Onstage there's a bassoon, a bass clarinet, a cello, an assortment of percussive instruments stacked and hanging near a Mac, an acoustic guitar, and, beside the singer's microphone, an accordion. The band members pick up their respective instruments and begin to play. The sounds they construct are as haunting as they are unique.
Even in a music scene as varied as Phoenix's, Dry River Yacht Club stands out. The guitarist plays like a percussionist, bobbing up and down as he slaps his guitar body to keep the beat. The percussion is like a range of accents punctuating the lilting, singsong style of the vocalist.
Calling Dry River Yacht Club experimental doesn't cut it. Perhaps transcendental is more fitting. Though they play venues like Rhythm Room and Yucca Tap Room, they don't quite fit in with the alt-country rockers or the R&B acts they share the stage with. But put them in a concert hall or a theater and they'd still stand out.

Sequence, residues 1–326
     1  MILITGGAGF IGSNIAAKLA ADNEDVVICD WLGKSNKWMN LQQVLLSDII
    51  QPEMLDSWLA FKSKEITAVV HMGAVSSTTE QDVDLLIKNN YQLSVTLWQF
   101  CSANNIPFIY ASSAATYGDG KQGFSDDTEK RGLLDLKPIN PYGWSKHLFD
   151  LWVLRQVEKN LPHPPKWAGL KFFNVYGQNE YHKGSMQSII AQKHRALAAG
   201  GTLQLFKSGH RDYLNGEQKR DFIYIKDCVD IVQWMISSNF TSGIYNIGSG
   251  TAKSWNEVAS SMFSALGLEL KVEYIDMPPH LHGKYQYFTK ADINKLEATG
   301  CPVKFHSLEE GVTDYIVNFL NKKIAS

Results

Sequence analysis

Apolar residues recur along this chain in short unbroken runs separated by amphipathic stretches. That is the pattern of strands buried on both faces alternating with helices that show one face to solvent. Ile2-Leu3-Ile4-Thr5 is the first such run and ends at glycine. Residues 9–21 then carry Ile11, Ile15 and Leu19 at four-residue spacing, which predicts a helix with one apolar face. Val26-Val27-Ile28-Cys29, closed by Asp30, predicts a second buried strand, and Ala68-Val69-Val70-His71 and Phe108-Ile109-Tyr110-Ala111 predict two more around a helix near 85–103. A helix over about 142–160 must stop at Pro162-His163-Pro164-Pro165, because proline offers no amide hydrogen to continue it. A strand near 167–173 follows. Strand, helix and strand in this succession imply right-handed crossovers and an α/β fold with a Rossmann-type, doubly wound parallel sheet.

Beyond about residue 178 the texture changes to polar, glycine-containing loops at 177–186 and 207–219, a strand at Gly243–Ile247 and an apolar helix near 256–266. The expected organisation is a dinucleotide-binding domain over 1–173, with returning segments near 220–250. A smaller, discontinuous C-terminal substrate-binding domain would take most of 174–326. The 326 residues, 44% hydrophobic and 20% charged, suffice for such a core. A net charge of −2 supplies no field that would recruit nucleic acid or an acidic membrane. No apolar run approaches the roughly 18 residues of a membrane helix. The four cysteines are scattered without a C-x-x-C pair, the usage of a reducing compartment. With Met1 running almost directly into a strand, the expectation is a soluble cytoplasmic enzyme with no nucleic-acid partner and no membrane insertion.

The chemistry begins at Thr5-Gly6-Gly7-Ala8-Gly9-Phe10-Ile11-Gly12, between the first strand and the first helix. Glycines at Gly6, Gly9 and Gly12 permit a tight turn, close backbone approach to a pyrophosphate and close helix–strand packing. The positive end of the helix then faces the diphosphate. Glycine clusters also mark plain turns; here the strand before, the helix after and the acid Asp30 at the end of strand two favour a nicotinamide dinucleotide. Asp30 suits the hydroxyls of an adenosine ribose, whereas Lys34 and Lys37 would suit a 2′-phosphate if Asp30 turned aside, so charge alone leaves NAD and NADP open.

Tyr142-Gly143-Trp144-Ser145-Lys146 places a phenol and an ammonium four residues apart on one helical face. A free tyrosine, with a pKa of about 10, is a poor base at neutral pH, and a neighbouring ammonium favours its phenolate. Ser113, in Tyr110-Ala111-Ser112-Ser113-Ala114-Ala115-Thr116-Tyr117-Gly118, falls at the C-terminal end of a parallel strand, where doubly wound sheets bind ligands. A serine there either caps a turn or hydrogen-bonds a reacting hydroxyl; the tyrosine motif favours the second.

Maybe that's why Dry River Yacht Club works. They're so beautiful in the way they're completely out of place that you can't help but listen.